IMG_3779This decorative sleeve can be removed after getting rid of the 3 screws holding it down. I believe that this is overkill since the scale can be engraved into the main barrel anyway. I almost always find oil underneath this so maybe this was implemented to somehow help with keeping oil from seeping out of the lens barrel, who knows.

IMG_3781Let’s go to the rear this time. Remove this set screw so you can remove the retainer ring. It is there to secure the ring from accidentally being moved.

IMG_3782The retention ring can be unscrewed by using a lens spanner. Look at the picture and see that there is a groove on the thread. This is where the set screw used to be. Remember to rotate it exactly to how it was before you remove it before you put the set screw back.

IMG_3783Once the ring is gone, you can take out the focusing cam mechanism with your fingers.

IMG_3784To remove the cam’s collar, unscrew this carefully and be sure not to lose it. This screw is in charge of keeping the cam in-place as well as keeping everything together.

IMG_3785Once the screw is gone, everything comes apart. That spring is responsible for pushing it out so it comes into contact with the rangefinder lever all the time.

IMG_3786You can remove the collar on the mount if you wish but it won’t help with anything with regards to repairing this lens apart from removing old junk trapped underneath it.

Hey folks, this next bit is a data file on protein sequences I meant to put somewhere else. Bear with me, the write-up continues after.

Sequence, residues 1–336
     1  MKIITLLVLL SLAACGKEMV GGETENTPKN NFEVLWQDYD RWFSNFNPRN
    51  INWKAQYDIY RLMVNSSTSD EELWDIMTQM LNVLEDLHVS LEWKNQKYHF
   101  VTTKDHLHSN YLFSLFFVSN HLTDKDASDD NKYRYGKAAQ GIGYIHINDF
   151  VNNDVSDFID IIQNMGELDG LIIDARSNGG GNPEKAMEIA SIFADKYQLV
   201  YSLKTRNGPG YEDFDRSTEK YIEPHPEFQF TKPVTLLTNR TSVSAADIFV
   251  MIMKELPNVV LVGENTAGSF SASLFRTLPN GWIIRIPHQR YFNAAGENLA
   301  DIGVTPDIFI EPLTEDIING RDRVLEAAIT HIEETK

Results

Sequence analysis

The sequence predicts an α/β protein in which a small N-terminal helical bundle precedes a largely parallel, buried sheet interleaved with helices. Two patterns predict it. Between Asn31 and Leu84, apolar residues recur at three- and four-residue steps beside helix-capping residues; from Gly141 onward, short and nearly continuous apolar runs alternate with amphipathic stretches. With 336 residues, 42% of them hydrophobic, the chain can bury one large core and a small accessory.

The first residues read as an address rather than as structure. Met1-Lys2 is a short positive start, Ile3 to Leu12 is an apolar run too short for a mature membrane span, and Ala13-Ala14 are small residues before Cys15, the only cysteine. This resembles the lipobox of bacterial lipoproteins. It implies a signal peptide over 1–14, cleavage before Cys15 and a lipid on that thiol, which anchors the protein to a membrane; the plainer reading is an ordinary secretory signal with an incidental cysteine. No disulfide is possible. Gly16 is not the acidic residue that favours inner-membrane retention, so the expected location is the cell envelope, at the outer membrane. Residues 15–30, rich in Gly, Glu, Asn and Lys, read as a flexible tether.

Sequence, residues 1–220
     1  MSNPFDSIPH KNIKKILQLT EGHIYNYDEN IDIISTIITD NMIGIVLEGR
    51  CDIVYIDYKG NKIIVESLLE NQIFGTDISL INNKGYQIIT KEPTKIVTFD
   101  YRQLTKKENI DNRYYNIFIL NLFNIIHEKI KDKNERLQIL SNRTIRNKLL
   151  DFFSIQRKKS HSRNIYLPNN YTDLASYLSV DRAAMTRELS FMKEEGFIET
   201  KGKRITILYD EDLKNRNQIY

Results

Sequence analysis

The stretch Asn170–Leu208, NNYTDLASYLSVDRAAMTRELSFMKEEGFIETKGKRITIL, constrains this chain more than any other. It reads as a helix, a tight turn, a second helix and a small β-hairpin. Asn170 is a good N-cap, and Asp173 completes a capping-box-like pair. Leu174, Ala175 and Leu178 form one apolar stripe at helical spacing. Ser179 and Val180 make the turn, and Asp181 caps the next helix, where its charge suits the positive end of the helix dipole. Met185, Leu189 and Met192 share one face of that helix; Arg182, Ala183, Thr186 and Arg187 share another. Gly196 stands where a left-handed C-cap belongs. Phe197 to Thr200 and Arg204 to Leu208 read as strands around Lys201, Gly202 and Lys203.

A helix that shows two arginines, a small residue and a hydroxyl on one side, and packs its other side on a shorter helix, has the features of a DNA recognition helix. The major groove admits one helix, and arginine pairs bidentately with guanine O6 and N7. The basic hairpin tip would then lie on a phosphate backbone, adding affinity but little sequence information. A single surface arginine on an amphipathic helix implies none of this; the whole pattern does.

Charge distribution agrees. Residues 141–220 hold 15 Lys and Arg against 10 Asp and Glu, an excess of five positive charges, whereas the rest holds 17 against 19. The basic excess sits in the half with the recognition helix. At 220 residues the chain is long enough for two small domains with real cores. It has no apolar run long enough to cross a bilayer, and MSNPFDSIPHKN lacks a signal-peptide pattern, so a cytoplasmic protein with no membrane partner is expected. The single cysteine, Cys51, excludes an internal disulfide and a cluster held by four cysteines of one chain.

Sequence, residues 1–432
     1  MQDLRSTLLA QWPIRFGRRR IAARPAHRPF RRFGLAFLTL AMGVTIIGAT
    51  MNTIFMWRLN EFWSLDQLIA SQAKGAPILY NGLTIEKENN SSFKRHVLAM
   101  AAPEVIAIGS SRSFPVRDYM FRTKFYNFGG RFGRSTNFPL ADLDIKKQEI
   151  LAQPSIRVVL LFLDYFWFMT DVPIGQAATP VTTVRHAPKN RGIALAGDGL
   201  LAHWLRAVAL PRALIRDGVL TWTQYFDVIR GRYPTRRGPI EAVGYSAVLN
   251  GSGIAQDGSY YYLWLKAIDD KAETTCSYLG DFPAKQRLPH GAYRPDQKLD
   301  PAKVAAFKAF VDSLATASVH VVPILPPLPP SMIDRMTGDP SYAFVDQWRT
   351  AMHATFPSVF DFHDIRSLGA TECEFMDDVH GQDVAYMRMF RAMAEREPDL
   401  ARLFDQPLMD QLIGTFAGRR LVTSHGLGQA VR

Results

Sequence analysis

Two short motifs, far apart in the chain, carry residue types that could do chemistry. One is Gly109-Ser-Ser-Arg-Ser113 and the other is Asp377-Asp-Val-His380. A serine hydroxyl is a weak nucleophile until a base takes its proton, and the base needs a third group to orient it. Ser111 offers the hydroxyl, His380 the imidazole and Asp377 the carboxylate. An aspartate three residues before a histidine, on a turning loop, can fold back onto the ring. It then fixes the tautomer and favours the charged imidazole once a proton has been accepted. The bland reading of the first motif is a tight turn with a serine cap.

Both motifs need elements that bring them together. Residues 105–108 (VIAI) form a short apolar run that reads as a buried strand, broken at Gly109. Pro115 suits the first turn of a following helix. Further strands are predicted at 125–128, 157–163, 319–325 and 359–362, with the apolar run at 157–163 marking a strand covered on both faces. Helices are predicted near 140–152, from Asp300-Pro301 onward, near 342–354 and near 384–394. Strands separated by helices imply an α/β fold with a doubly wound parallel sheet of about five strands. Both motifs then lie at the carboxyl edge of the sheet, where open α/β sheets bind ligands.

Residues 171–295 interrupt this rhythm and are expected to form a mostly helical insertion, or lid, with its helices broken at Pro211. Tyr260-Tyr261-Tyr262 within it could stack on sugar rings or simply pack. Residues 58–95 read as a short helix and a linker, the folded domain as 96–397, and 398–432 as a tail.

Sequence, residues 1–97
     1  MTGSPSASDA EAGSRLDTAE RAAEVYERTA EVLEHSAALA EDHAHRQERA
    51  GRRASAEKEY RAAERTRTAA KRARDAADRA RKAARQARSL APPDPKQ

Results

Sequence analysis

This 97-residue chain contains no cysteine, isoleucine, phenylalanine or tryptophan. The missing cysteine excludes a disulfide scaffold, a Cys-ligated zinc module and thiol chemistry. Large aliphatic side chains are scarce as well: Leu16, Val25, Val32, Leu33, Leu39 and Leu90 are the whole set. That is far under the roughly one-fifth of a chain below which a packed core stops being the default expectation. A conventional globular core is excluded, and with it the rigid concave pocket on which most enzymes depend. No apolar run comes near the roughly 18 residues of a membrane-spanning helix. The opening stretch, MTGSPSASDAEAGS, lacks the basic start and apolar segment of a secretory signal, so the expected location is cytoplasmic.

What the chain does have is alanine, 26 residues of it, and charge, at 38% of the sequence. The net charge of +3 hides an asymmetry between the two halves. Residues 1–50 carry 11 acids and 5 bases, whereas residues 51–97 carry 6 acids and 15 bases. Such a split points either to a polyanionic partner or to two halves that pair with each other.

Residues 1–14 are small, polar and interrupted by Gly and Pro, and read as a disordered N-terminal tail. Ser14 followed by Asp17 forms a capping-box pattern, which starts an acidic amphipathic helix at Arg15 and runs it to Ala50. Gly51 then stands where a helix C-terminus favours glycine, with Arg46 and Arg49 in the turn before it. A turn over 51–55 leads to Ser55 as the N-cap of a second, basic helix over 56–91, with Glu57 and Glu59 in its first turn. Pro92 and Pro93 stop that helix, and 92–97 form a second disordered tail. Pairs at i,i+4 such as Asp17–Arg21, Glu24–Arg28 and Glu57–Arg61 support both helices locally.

IMG_3787This is how it comes off. Again, there is no real benefit in removing this.

IMG_3788If your lens doesn’t sit properly to the mount on the body then you can use your hands or a pair of pliers wrapped in rubber to bend these a bit. This is a delicate operation and I’ll advise you not to do this unless you know what you are doing because the problem may not be on the lens but on the flanges on the camera’s mount itself. Just forget about it!

I doubt that many people will have problems with the focusing unit of this lens but there will be people who will want to take it apart due to grease migration or a dry helicoid or worse, a seized helicoid. I make it a habit to do this for all of my lenses because I just do not trust what’s there and I do intend to keep these things forever.

The helicoids have been thoroughly cleaned with naphtha using a toothbrush. I cleaned and brushed it with a stiff pig-hair wheel brush on a Dremel and then wiped some more until the tissue wipes clear of anything. I am very meticulous when it comes to this step because I do not want old grease to contaminate the new one. Use a light grease for this because the internal helicoid on the camera body will add some resistance and they will all add-up. Don’t apply too much grease or you will end up with an oily lens.

The cam at the rear and the spring under it were lightly lubricated with the same grease used on the helicoids. This will prevent it from squeaking. If you find rust on the spring, just clean it off using a fine steel wool or WD40 and be sure to clean it up thoroughly and leave no residues before lubricating it lightly and putting it back to its assembly.

Warning: